The second tomb was quite a bit larger than the third and there was a significantly larger amount of discovered warriors. Most of the remains were damaged due to age and nature. There were pictures on the walls of how they originally looked with their armor and paint, which was drastically different from how they appear today. The first and largest tomb encompassed rows and rows of complete warriors and horses. The three of us walked around each tomb with cameras in hand, just like good little tourists. We were even asked a couple times to have our pictures taken by some of the Chinese tourists. We found this humorous.
Once we were back within the city walls, we were met by the beginning of the never ending rain. Luckily, we all had umbrellas. The farther we walked, the harder the rain poured, so we decided to go back to the hostel and wait it out. Once many hours went by, we decided to make the best of it and go to the Big Wild Goose Pagoda. The Germans told us about a light show that started at 8:30, so we were looking forward to seeing it even though it was still raining. The light show ended up being a light/water show in a very large fountain whose water danced to the light classical music that played in the background.
On our final day in Xi’an we realized that the rain was not going to stop during this trip, and we were going to have to deal with the wet shoes and cold winds. We picked ourselves up and walked around the local day market. The market was full of paintings and local trades. The locals were not as forward as the market salespeople in Beijing, which we appreciated, but still tried to haggle with us. We didn’t end up purchasing anything, but the experience was enjoyable.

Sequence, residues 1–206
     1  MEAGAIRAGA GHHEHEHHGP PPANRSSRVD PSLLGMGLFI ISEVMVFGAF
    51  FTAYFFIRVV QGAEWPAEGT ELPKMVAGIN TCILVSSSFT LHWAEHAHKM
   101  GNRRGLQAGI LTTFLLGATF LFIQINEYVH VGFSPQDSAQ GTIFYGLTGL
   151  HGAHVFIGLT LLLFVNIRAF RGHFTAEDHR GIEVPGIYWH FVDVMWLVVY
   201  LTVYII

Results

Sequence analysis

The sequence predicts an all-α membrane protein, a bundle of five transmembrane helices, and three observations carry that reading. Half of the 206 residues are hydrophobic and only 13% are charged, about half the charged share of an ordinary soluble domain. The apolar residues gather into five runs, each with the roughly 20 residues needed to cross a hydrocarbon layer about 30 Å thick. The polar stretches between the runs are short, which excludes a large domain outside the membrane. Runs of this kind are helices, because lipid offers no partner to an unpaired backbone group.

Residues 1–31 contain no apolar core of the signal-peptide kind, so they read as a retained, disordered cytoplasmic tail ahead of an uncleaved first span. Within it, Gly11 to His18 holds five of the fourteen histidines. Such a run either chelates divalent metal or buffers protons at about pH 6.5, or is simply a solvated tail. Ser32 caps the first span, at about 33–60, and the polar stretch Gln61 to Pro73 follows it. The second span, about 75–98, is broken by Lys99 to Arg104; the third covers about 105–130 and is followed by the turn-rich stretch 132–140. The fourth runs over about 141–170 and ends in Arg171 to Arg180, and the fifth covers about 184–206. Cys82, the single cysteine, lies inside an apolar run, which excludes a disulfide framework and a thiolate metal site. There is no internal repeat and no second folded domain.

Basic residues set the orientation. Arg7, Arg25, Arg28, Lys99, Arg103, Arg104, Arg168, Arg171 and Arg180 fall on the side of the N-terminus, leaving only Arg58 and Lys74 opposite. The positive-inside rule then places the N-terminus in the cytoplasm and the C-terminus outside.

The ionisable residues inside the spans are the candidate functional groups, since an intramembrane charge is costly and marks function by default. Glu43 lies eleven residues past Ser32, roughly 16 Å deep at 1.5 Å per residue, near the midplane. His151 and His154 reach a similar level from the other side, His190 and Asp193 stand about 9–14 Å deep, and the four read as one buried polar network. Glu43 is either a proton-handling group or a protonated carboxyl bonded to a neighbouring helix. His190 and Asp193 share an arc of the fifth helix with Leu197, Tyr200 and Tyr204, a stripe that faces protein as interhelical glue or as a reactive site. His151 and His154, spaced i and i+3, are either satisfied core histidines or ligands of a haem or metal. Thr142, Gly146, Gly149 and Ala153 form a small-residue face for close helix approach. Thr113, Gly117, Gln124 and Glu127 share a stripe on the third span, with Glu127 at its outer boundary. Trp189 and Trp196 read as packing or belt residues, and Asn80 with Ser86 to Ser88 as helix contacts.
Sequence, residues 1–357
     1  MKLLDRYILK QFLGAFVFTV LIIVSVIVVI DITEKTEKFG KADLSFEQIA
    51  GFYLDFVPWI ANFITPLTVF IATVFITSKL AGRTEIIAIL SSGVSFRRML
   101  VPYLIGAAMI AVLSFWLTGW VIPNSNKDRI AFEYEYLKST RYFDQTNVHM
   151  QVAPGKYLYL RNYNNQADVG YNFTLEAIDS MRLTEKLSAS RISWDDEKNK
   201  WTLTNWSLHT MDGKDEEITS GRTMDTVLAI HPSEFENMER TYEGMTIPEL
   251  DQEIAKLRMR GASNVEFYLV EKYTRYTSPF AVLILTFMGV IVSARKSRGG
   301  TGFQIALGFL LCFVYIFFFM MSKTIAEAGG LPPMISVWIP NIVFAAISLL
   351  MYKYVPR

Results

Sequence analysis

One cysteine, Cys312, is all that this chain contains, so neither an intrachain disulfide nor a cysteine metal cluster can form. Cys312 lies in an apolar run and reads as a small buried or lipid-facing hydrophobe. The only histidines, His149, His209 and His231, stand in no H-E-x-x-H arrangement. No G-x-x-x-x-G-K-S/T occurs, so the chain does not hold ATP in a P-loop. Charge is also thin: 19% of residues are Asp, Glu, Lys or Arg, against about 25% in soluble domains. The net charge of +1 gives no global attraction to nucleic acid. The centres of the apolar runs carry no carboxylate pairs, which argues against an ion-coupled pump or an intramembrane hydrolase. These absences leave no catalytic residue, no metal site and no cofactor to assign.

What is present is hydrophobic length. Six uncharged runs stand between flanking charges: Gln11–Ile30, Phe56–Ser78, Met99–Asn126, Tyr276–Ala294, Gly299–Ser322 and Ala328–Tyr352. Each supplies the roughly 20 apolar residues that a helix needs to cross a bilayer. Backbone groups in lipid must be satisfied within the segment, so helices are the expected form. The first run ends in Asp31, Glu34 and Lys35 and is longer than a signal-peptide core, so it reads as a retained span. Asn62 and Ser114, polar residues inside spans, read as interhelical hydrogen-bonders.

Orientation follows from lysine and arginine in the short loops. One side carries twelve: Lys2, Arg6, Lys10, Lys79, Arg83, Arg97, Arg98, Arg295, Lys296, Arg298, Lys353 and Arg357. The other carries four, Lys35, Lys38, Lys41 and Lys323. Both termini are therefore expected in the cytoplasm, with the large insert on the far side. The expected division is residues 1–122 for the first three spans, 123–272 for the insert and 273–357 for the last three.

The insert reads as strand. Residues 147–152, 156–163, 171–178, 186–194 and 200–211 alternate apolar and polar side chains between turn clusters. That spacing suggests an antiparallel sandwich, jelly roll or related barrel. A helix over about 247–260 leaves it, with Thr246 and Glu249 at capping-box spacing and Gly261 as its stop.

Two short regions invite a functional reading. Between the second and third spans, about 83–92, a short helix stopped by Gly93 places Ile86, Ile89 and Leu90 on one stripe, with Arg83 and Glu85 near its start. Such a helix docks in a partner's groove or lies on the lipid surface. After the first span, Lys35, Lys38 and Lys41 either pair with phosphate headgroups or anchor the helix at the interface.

By lunch time we were ready to go to the Muslim Quarter, which we read in Lonely Planet had wonderful street food. The city is famous for a food called “Paomo,” which is a bowl of bread chunks with noodles, vegetables, meat, and a broth. We chose to go into a small restaurant and split a bowl so we could escape the cold rain. The dish was tasty and was perfect for the cold rainy weather.
We walked around the market for about an hour or so, then continued back to the hostel. Warned about the difficulties of getting to the far north train station, the only train station in the city that offers the bullet train, we left the hostel at 4:00 in hopes of making it in time for the 6:15 train home. We were given directions by the hostel for the buses (yes plural) that we must take to get to the station. Luckily the bus driver of the first bus spoke a little English, and after reading the paper that the hostel wrote for us which listed the stop where we must get off he told us in English, “Okay, I will tell you when to get off.” Surprised and relieved, we sat down. “Mrs., get off here,” were the next words out of the bus drivers mouth. We were a little upset to leave the warm, semi dry bus, but we did, and we waited for the next bus to pick us up. Matching the characters on our paper to the characters on the bus's route map, we discovered we were going to stay on until the last stop. We arrived at the train station a little over an hour after we left the hostel, in plenty of time. We grabbed a small dinner from KFC, where I had a wonderful mushroom and carrot soup.
The ride back to ZZ was loud, but thankfully we were usually going above 150mph!